Union Jack

Let’s wind back the clock just two months. Imagine that you asked a potential investor in the UK, or one of our overseas customers, how they viewed the country and they may have answered with some of the following words and phrases. Stable. Politically moderate. Sensible. Commercial. Tolerant. Open. A strong rule of law and respect for property. Mature. A good long term view. European. But with a global profile and connectivity. Multicultural. Modern.

And then the Brexit earthquake happened. Now look at those same words, and several of those British strengths no longer look so valid, do they?

Brexit has destroyed the well-developed, well understood UK narrative that had underpinned recent economic success. It's critical that a new one is consciously articulated and developed as a key part of the government’s strategy – and this situation contains clear lessons for business leaders planning change.

Now look again at those phrases. Several still work and they must form part of a new narrative that defines how we want to be understood in a global marketplace. The key is to consciously, clearly articulate what that story is, and the big narrative themes that should be the basis for how we want to be newly famous among key groups. These are the big ideas that play to our strengths, and they should be used, mantra-like, in briefings, marketing and to drive strategic investment to make sure they reflect the truth.

This new narrative should be based on the old one – the country hasn’t changed, but the perception of it has. However, it needs to also play to the new chapter in its history – as a global, outward-looking trading independent nation with existing connections all over the world. A country which is modern and among the most creative anywhere, but with a base of historic stability and advanced financial markets. The fifth largest economy. When our deal with Europe is agreed then the nature of this can form part of a story of (hopefully) continuing seamless access to the European marketplace.

We should play to the themes of creativity, globalisation (with our diverse population we have the world in one country) and the importance of stability. Right now we look like outsiders. When the oncoming Euro crisis hits we may look like a safe haven. That’s why we need to look like a low risk option, but with a highly commercial, global position.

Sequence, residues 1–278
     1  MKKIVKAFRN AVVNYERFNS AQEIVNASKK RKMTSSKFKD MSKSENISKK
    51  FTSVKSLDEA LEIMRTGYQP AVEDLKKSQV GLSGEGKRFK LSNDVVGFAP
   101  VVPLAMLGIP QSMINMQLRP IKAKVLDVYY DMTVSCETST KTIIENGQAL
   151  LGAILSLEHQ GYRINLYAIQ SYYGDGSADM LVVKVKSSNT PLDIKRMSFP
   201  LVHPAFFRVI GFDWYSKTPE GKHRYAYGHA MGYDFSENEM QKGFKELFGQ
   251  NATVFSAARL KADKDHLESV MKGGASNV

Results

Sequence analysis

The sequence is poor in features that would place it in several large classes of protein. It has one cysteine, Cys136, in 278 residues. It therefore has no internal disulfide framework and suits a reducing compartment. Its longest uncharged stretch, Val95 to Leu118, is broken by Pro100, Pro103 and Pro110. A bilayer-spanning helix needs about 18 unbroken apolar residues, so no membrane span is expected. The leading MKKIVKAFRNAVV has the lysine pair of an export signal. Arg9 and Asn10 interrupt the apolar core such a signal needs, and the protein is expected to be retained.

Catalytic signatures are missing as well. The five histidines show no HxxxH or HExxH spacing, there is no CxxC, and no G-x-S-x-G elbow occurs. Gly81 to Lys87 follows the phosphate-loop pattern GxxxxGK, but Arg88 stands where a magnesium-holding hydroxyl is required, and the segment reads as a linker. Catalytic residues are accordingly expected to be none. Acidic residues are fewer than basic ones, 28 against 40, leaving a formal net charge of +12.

For me, that is why Theresa May was such a good choice of Prime Minister. She exudes stability and calmness, she is decisive and, as a woman, she changes the whole image of UK PLC which may otherwise currently seem intolerant and backward-looking.

Equally, that is why the appointment of Boris Johnson was such a huge error. If we looked at the government and we saw universally calm heads, experienced hands and the values Mrs May articulated when she took office, the UK as a place with which to do business would be quickly re-established. Boris turns this on its head – with him as Foreign Secretary, who knows what we are about? Long term? Calm? Reassuring? And it makes me ask whether Theresa May is quite as astute as I had thought.

So what does this tell you about change in your own business?

The obvious one is: avoid earthquakes if at all possible! However, as BP will testify, they happen. Other times you simply need to be radical. But most of the time change can be presented as evolutionary, playing to existing strengths while creating some new ones.

It also tells you that appearance is critical. Seeming to be on top of things is almost as important as actually being so.

One of the key stages in planning or reacting to this change is to firmly, consciously and clearly define and articulate the new story you want people to understand about the business. You need to be very specific about the people with whom you most need to engage, and then go through a process to simplify what you want them to understand about the business or product.

Keep it simple: there needs to be a very few big ideas that they can grasp quickly

These are those narrative themes for which you want to be famous. These will reflect your strategy – and you will find they also have a big impact on it. Ensure the leadership team is aligned around this narrative.

Then consider a few big bets about how to bring these themes to life for these groups – doing less, better is much more effective than simply making lots of noise.

This is now the task facing the UK. Being clear and simple about the key things for which it wants to be famous, big ideas that play to our strengths. Ensuring the whole government understand this, and then the population – its internal audience. Investing in the real world capabilities that underpin these ideas. And ensuring there are a few big initiatives that bring these themes to life for our important overseas partners, so that they once again have a clear view of why Britain is a great place to do business.

Your own challenges may seem smaller. But the same process will ensure your organisation is famous for a few big things that will help you drive change and differentiate yourself from others in the same space.

By Stuart Maister, managing director at The StoryBuild Agency

Originally featured on LinkedIn.